Caliban Upon Setebos "A Bitter Heart, That Bides Its Time And Bites"
by Robert Browning

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"A Bitter Heart, That Bides Its Time And Bites"

(Magill's Quotations in Context)

Context: This poem, although subtitled "Natural Theology in the Island," is an attack upon such deterministic religious sects as Calvinism, which picture a God who saves or damns human beings, punishes or rewards them, wholly according to whim. The speaker of the poem is Caliban, the brutish monster-slave of Prospero in Shakespeare's Tempest. Caliban speculates upon his god, Setebos, who may be all-powerful or who may be under another god called the Quiet. Setebos is strong but devoid of any feelings of affection for the thing that he has created, man, although he may feel envy and spite. He is all alone in the cold, since to have made a mate would have been like making himself. Caliban says that Setebos is like what he himself would be if he could give life to creatures he might make of clay. He might make a bird that would break its leg; when the poor creature cried out in pain, Caliban might pluck off its remaining leg, or, on the other hand, he might give it two more legs. Whichever he did, he would feel pleasure at the display of his power. As a line of crabs marched past him, he might smash one now and then–or give one a special reward. And again the whimsical display of power would be pleasing. Setebos has made things that are better than he is, but they must submit to his power. Setebos, however, looks up to the Quiet and envies it; then he looks down and makes imitations of a world and creatures that he can never reach. It is as though he had captured a sea beast which he had penned, blinded and with the webs of its feet split, in a pool. The creature, powerless as it is, yet has bitterness in its mind and bites at its master.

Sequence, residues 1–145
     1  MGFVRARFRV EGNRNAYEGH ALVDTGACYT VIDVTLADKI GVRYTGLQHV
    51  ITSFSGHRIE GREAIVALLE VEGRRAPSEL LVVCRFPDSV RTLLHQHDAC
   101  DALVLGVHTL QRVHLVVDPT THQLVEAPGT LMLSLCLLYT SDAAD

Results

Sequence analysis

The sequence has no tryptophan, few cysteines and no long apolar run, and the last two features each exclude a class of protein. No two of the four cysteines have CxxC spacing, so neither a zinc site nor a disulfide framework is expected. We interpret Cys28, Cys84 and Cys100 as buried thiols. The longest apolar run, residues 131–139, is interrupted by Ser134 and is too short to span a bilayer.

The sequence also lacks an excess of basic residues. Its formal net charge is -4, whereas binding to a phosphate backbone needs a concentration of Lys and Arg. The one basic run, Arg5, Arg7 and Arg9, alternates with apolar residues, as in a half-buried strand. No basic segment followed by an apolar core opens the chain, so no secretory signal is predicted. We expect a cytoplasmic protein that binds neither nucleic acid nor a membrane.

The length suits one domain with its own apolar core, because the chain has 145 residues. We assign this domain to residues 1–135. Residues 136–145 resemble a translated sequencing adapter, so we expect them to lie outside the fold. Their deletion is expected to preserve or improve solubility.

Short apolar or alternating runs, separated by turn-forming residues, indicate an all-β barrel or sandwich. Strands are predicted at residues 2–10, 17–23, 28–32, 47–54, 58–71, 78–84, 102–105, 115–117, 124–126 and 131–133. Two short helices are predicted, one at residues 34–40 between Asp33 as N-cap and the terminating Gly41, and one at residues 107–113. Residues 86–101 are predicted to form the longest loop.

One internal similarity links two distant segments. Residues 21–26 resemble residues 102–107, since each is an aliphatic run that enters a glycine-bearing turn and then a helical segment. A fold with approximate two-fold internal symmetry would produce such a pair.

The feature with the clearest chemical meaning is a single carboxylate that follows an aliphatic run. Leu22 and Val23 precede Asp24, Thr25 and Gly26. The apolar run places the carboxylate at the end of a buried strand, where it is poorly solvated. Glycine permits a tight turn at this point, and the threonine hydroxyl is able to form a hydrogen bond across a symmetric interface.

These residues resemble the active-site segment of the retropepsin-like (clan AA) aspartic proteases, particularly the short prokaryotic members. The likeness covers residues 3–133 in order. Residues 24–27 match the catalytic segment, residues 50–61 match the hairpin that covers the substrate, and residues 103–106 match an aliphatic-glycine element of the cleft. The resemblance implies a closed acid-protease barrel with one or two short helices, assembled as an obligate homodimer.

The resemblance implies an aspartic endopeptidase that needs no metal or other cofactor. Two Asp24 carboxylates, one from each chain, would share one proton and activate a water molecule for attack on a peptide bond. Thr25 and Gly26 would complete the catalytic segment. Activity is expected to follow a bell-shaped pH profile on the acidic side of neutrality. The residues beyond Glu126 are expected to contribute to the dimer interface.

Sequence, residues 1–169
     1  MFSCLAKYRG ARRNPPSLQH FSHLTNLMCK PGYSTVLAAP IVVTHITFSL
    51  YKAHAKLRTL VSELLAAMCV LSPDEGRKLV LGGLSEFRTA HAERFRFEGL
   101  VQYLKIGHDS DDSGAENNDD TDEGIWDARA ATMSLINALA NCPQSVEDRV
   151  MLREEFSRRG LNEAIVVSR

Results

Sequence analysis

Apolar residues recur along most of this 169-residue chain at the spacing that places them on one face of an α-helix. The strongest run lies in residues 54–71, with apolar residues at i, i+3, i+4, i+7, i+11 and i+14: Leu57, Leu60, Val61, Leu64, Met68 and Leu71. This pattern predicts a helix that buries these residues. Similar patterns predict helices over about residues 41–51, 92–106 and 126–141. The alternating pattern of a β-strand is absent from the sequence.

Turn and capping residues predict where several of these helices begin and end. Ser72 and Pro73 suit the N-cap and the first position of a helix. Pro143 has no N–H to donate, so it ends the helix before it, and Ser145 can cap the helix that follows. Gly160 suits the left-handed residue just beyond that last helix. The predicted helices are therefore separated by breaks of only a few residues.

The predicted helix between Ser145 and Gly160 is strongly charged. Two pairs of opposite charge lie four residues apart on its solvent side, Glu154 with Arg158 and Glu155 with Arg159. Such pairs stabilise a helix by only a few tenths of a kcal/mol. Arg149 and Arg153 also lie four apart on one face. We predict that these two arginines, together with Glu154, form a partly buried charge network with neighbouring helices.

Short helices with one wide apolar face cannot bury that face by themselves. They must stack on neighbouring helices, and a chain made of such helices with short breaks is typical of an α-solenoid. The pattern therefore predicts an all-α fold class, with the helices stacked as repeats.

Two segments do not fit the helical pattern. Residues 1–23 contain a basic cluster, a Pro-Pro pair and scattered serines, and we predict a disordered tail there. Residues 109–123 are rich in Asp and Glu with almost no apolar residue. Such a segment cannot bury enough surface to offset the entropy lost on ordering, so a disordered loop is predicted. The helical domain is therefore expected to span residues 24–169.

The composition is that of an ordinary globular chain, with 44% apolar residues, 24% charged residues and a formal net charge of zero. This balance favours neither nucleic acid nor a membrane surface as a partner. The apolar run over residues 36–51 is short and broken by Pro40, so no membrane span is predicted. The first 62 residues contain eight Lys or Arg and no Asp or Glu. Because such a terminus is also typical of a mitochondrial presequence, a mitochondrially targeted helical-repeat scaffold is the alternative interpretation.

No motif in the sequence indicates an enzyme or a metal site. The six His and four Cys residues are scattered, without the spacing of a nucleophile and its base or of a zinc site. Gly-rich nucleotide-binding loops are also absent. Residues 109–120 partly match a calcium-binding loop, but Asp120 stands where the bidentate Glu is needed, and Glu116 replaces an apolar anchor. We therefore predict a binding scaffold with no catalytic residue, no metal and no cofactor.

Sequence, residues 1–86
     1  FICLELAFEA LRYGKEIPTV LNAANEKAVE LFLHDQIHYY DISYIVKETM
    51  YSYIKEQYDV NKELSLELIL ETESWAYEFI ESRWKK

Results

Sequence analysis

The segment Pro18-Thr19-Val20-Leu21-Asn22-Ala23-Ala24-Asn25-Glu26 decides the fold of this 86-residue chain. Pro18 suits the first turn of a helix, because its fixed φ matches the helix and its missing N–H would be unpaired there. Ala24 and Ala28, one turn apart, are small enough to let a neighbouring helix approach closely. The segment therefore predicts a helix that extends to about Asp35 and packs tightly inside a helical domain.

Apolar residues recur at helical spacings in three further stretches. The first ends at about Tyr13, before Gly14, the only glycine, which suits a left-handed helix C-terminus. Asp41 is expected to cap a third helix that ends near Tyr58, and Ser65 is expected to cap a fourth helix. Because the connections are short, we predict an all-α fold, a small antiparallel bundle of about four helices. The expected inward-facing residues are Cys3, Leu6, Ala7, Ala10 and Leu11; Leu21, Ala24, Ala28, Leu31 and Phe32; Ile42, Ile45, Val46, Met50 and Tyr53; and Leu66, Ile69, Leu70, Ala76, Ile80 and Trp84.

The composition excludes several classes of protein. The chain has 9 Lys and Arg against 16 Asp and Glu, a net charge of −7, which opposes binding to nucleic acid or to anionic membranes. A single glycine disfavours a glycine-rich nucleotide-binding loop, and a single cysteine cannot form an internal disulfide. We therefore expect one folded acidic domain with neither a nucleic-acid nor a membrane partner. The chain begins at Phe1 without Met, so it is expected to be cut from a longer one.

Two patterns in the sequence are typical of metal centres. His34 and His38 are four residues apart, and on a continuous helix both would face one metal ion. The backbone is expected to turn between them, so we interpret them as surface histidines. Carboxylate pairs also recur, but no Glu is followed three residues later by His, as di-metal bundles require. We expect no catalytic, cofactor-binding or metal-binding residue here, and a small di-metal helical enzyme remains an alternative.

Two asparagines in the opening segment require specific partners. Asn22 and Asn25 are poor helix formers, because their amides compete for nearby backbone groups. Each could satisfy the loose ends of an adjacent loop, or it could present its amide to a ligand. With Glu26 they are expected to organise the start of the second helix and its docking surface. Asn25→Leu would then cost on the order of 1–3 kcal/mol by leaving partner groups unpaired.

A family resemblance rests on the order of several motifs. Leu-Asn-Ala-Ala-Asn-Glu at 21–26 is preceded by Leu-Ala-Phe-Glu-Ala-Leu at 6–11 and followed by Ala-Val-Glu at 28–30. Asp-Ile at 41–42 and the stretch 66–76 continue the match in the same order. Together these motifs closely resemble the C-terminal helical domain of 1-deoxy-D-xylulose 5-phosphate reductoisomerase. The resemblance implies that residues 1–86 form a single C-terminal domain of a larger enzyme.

And hath an ounce sleeker than youngling mole,
A four-legged serpent he makes cower and couch,
Now snarl, now hold its breath and mind his eye,
And saith she is Miranda and my wife:
'Keeps for his Ariel a tall pouch-bill crane
He bids go wade for fish and straight disgorge;
Also a sea-beast, lumpish, which he snared,
Blinded the eyes of, and brought somewhat tame,
And split its toe-webs, and now pens the drudge
In a hole o' the rock and calls him Caliban;
A bitter heart, that bides its time and bites,
'Plays thus at being Prosper in a way,
Taketh his mirth with make-believes: so He.